Membership

Social Media Roundup: News Sites Learn From Associations

A popular political site tries out a "velvet rope" membership model. Also: Tips for presenting to your board.

Often, it seems like associations are taking advice from the outside world — but what happens when a business tries out a technique better known in the association world? Possibly, interesting lessons that translate back. That and more in today’s Social Media Roundup:

Membership for media?

Taking cues from associations? GigaOm’s Mathew Ingram thinks Talking Points Memo is onto something with its TPMPrime, which offers an association-like model for journalism — one that keeps the normal content free but charges extra for the other stuff. “A membership layer treats readers as though they are special and gives them added benefits in addition to the regular free news content,” Ingram explains, “while a paywall or traditional subscription simply charges everyone the same amount for the same content. One feels like a duty or an annoyance, and the other feels more like something unique that only those who are really committed to a topic or a site have access to — like a velvet rope instead of a wall.” Interesting thought — is this one that associations can gain something from? (ht @MediaBeyond2012)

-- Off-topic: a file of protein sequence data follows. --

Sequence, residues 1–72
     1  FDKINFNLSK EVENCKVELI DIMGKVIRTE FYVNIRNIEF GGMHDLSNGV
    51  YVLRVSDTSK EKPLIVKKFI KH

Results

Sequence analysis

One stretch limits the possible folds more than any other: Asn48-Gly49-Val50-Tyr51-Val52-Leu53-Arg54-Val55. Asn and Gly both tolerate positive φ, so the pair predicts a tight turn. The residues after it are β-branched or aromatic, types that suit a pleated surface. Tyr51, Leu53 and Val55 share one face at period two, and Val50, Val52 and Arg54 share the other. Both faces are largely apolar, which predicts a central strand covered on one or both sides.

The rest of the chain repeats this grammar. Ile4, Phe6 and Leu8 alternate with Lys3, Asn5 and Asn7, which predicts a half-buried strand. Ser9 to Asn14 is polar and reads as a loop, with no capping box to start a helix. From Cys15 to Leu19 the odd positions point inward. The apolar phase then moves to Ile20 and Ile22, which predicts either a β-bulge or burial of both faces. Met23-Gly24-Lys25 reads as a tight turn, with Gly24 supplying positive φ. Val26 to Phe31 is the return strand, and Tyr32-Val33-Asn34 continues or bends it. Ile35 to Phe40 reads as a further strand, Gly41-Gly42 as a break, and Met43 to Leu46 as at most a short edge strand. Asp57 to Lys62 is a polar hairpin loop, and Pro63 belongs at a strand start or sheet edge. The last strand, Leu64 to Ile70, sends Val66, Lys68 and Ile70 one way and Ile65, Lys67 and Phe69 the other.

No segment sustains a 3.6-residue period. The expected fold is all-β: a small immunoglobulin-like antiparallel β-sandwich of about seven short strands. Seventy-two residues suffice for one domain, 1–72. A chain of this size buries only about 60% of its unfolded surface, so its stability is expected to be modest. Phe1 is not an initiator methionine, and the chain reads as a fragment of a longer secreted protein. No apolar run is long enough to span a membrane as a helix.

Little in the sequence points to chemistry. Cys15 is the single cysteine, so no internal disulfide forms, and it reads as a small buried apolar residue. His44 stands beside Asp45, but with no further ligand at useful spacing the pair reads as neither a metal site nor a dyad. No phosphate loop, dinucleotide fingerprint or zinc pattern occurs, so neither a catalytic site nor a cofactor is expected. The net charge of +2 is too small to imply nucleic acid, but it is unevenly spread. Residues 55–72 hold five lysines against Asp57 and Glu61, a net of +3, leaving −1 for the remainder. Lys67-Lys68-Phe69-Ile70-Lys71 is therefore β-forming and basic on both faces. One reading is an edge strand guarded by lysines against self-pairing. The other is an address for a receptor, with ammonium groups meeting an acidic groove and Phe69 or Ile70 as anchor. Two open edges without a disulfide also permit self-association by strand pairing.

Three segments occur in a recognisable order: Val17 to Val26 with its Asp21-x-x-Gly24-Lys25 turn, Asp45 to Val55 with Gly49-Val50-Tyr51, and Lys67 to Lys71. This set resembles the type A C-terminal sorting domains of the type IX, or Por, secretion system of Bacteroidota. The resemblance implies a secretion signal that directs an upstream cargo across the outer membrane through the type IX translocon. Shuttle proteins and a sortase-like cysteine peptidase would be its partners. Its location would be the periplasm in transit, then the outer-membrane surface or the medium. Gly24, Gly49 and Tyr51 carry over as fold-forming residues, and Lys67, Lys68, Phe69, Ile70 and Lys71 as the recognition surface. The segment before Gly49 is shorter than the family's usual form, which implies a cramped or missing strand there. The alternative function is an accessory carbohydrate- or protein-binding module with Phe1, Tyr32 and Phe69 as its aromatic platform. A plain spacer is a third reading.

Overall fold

Beef up your presentation skills

Speaking to some senior execs soon? Follow these tips from Harvard Business Review blogger Nancy Duarte, which lays out some smart presentation suggestions — from rehearsal to presentation techniques. The best one? Summarize first, then dig into detail: “When creating your intro, pretend your whole slot got cut to 5 minutes. This will force you to lead with all the information your audience really cares about — high-level findings, conclusions, recommendations, a call to action.” What tips can you share? (ht @CindyButts)

See anything cool today? Let us know! Shoot us a tweet.

(photo by Guillaume Paumier/Flickr)

Ernie Smith

By Ernie Smith

Ernie Smith is the social media journalist for Associations Now, a former newspaper guy, and a man who is dangerous when armed with a good pun. MORE

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